Count nouns are the most common kinds of nouns, describing anything with a definite or individual shape. For example, you can identify or touch a cup. It has a definite and individual shape that is different from, say, the table or the knife. However, you can not identify or touch a coffee. Coffee is a noncount noun. And in order to make it individual or definite, it must be contained by something. We'll look at this rule soon. Right now you must understand that most count nouns have a definite or individual shape.
However, there are some count nouns that have no good shape because they are abstract concepts or ideas. Units of measurement and a finite number of abstract ideas can be definite and individual. For example, you could say “an idea" and “five projects." Once again, although these are not things you can touch, they can be definite as well as individual.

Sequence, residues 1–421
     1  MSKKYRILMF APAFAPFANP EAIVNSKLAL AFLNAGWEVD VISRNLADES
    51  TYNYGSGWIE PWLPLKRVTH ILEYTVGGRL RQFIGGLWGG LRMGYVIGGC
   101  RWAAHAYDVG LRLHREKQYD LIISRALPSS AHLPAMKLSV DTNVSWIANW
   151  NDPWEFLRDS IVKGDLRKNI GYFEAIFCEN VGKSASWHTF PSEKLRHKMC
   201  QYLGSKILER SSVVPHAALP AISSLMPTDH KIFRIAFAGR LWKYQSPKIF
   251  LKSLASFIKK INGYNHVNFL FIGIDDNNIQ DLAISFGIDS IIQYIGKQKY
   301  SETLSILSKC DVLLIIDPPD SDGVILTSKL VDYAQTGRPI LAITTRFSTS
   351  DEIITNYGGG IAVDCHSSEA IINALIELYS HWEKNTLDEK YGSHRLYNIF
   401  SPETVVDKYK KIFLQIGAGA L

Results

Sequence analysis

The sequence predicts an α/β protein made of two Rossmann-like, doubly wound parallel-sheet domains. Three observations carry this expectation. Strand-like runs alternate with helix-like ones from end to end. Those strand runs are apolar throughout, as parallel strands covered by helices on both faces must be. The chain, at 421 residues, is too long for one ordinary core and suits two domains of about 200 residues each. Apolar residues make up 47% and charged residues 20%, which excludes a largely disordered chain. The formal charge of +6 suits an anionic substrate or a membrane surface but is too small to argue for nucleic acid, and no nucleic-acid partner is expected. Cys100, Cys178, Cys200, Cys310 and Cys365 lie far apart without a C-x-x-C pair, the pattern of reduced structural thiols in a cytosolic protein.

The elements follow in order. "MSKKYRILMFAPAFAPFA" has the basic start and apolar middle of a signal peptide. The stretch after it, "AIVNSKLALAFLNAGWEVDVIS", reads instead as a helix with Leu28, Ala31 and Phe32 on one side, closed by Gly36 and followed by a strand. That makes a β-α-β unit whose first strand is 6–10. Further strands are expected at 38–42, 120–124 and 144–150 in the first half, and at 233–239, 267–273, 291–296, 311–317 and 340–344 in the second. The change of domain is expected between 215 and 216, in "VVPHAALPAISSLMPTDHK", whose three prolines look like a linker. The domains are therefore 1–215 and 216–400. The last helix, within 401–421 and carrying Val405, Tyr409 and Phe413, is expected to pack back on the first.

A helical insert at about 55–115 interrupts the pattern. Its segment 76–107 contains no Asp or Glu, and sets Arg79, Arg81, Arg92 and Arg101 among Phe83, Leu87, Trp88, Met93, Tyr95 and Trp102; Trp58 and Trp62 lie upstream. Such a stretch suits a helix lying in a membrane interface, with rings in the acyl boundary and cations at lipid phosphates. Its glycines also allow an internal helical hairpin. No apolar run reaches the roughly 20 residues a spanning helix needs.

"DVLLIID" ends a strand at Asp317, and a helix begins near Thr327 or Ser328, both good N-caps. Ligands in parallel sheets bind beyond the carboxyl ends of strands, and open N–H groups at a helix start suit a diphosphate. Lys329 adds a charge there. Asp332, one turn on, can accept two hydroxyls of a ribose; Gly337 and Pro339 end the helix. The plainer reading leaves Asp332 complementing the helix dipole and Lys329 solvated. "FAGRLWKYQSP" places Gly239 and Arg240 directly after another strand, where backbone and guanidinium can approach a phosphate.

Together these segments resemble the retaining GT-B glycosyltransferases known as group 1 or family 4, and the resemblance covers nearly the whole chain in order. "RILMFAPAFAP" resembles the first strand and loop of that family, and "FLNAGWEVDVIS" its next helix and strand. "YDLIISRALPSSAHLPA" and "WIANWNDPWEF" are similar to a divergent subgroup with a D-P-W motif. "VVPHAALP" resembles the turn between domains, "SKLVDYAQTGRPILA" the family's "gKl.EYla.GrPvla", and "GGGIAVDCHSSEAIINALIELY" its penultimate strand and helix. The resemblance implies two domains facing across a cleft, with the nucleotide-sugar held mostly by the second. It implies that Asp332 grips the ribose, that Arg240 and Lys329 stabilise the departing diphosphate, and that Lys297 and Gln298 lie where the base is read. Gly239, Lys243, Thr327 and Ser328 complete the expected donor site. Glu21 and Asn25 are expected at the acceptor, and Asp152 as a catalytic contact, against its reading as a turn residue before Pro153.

Names of persons, animals, and things that are distinct
one friend, three children, three tourists, five pencils
groups or classifications
one family, one religion, three groups
Abstract ideas and concepts
one idea, four projects, five schedules, five reasons, one cause
Although the list is brief, you get the idea. As a general rule, if a noun has a definite and identifiable shape, it is a count noun.